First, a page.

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Turnover battle key for football in weeks to come

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Posted: Monday, September 9, 2013 11:01 pm | Updated: 2:35 pm, Fri Aug 29, 2014.

DeKalb | “Defense wins championships” is a common phrase in football, and the NIU defense is taking the phrase pretty seriously.

The Huskies’ defense forced three turnovers, and the offense turned those turnovers into points — three field goals, including the game


“We put a ton of emphasis on forcing turnovers,” said defensive coordinator Jay Niemann. “We talk about it every day. We practice it every day. We try our best to get as many as we can on every opportunity we get.”

With only four returning starters on the defensive side of the ball, the Huskies defense was not presumed to be the strength of the team early on, but it made its case in the season-opening win. After giving up 25 or more points only four times last season — twice on the road and twice at neutral sites — they gave up 27 points to the Hawkeyes but responded by winning the turnover battle, 3-1.

“Forcing turnovers is the second most important thing in my mind,” Niemann said. “The first most important thing is how many points you allow. After that, the second most important thing is how many takeaways you can get.”

Last season the Huskies gained 27 turnovers for an average of 1.9 turnovers per game. With three turnovers generated in the first game, the defense is currently above average in that department, and Niemann, who calls the defensive formations, knows the defense has what it takes to continue creating turnovers since it places so much emphasis on it.

“There are all kinds of techniques we use,” Niemann said. “You know, it depends on your position a little bit and the kinds of situations you’re in on the field, but defensive backs, linebackers and d-linemen all are taught special techniques to try and get the ball.”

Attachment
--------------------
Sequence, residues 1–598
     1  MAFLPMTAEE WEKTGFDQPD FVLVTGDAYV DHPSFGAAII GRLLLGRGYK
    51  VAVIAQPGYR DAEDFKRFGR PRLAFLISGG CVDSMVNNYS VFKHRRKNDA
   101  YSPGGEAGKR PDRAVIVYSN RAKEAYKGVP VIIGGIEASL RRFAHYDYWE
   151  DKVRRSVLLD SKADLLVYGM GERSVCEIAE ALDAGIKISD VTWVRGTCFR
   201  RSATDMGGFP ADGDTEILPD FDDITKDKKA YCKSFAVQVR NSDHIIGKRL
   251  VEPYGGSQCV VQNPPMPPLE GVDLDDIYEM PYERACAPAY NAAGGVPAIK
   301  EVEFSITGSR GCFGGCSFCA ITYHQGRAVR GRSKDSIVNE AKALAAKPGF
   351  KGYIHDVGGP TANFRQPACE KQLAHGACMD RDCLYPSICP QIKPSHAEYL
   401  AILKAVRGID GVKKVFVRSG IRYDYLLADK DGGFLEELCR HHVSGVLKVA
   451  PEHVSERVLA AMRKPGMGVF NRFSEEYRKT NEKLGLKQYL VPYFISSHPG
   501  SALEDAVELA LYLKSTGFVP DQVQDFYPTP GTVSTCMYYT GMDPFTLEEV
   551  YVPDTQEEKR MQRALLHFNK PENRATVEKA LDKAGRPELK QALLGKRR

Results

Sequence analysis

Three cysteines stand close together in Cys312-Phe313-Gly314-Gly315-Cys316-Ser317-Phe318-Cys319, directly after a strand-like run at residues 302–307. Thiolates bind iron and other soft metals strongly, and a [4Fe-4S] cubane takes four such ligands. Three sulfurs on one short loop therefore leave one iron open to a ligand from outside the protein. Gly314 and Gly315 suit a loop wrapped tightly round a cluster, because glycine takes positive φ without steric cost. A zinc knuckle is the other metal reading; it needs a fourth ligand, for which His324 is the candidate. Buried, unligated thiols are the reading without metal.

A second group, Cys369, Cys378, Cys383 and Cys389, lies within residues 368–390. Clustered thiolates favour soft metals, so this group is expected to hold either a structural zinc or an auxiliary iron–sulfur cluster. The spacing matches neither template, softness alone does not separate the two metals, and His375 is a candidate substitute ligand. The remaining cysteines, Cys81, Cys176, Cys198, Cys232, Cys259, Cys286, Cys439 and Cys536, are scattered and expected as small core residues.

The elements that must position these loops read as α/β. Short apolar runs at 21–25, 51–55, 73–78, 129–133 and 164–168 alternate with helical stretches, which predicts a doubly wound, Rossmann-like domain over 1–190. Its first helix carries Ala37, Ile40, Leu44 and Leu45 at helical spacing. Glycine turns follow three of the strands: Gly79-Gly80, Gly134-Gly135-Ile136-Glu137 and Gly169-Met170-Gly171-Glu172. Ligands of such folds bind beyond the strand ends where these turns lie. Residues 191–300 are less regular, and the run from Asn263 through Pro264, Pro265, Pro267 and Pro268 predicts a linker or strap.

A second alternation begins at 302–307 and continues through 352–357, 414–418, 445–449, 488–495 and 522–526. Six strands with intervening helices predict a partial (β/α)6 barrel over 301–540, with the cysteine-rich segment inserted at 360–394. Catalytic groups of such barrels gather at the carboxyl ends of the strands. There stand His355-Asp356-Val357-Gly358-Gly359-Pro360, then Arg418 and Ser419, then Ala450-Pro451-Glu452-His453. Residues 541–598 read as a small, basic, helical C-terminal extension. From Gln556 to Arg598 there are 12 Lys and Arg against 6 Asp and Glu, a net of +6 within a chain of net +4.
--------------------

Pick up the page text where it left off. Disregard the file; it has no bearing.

And they all got involved in the turnover battle against Iowa. Redshirt junior linebacker Jamaal Bass forced a first-quarter fumble, which was recovered by junior defensive end Jason Meehan. Senior defensive tackle Ken Bishop tipped a third-quarter pass, leading to an interception by redshirt junior safety Dechane Durante. Senior safety Jimmie Ward added the final, and most crucial, turnover, intercepting a pass late in the fourth quarter.

The Huskies surrendered 458 yards to the Hawkeyes, which may seem like a lot since they gave up 450 yards or more only five times in 14 games last season; however, head coach Rod Carey was impressed with the defense’s effort throughout the game in a college football world ruled by offenses.

“I think offenses today are really good,” Carey said. “...I think giving up 450 yards in those [hot] conditions and some of the situations that we were in on defense is pretty good.”

The Huskie defense stepped up big in the first game, helping lead the team to victory. If it can continue with the defensive pressure and generate turnovers, the Huskies will be in line to win every game.

“I think any time the defense forces turnovers we’re going to be successful,” Carey said.

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